My work attempts to question the ‘sacred’ in Christianity, juxtaposed with popular culture and post modernism. What characterizes my work is the use of ready made objects that contain simple combinations of elements like pages of a worn out Samoan Bible previously owned by my Father and a ‘T.V. Guide’. The religious symbol of the ‘halo’ is a synthesis of both elements to shock and amuse the viewer. Both the bible and T.V Guide are valued objects taken out of its functional place in the world, recycled, recombined, so that, taken as a whole, are dark and oracular. I try to achieve a level of tension in my work by contrasting recognisable images to represent the pervasiveness of the mass media with an obsolete sacred text.
Biography: Dwain Aiolupotea born in 1977 grew up in Porirua; Wellington, New Zealand is of Samoan descent. Inspired by fa’asamoa (Samoan way of life) and Christian imagery, Aiolupotea’s work explores the Spiritual elements of Christianity and his cultural identity as a New Zealand born Samoan. Aiolupotea’s early figurative works in Paintings, Printmaking, and Drawing portray conflicts between the cultural customs of Samoan tradition emerging with Christianity. Questioning the Christianizing or baptizing of some of the art forms and customs into church life and worship. His works often include icons of Christian art mixing it with imagery of cultural motifs, traditional tattooing (tatau) and Biblical signs and symbolism. Most recently, much of his work aims to question sacred things or objects that relate to religious and cultural issues. As he continues to explore his faith and identity, much of his themes draw on his childhood memories, growing up in a Christian environment. Central to his work is the investigation of his own spiritual experience and development. The search for place, faith and identity are a unifying theme in his work and researched references.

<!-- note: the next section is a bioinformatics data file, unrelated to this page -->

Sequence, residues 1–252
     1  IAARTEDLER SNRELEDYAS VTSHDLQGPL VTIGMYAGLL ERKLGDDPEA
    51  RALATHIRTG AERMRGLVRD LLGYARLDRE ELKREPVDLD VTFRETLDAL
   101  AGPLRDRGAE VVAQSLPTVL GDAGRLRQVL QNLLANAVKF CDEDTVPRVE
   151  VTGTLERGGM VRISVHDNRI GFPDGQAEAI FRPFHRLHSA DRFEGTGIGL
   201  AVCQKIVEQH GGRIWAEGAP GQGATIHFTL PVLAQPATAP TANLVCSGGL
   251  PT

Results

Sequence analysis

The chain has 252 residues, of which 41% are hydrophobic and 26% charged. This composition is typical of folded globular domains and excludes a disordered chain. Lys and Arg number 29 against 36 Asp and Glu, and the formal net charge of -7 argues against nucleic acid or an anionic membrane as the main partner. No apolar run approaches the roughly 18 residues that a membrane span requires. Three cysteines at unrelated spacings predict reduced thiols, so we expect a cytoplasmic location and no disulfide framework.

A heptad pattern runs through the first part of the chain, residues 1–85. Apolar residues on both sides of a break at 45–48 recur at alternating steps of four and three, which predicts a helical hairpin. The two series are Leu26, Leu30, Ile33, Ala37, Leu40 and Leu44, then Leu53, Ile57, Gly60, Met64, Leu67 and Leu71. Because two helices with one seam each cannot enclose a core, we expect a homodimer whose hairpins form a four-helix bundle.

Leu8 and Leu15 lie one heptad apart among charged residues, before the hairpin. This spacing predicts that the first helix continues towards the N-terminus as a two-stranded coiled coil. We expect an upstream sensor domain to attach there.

Country: New Zealand
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